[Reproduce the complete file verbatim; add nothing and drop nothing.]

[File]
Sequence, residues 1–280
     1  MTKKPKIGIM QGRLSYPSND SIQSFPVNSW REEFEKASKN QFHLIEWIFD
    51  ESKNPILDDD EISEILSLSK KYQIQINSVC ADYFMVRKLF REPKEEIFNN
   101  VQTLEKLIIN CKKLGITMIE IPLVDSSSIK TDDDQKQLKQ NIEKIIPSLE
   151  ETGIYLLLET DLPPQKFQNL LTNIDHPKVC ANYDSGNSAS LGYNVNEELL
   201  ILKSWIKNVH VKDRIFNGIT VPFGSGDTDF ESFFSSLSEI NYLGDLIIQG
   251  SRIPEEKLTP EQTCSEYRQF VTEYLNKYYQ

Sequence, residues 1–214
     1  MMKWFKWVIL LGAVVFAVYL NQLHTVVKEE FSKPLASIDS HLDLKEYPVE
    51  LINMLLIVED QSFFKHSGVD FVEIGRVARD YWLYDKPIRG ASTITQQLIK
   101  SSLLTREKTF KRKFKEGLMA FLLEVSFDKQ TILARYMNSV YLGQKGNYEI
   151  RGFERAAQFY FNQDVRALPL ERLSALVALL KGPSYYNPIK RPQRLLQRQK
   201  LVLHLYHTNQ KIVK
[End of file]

Sequence, residues 1–280
     1  MTKKPKIGIM QGRLSYPSND SIQSFPVNSW REEFEKASKN QFHLIEWIFD
    51  ESKNPILDDD EISEILSLSK KYQIQINSVC ADYFMVRKLF REPKEEIFNN
   101  VQTLEKLIIN CKKLGITMIE IPLVDSSSIK TDDDQKQLKQ NIEKIIPSLE
   151  ETGIYLLLET DLPPQKFQNL LTNIDHPKVC ANYDSGNSAS LGYNVNEELL
   201  ILKSWIKNVH VKDRIFNGIT VPFGSGDTDF ESFFSSLSEI NYLGDLIIQG
   251  SRIPEEKLTP EQTCSEYRQF VTEYLNKYYQ

Sequence, residues 1–214
     1  MMKWFKWVIL LGAVVFAVYL NQLHTVVKEE FSKPLASIDS HLDLKEYPVE
    51  LINMLLIVED QSFFKHSGVD FVEIGRVARD YWLYDKPIRG ASTITQQLIK
   101  SSLLTREKTF KRKFKEGLMA FLLEVSFDKQ TILARYMNSV YLGQKGNYEI
   151  RGFERAAQFY FNQDVRALPL ERLSALVALL KGPSYYNPIK RPQRLLQRQK
   201  LVLHLYHTNQ KIVK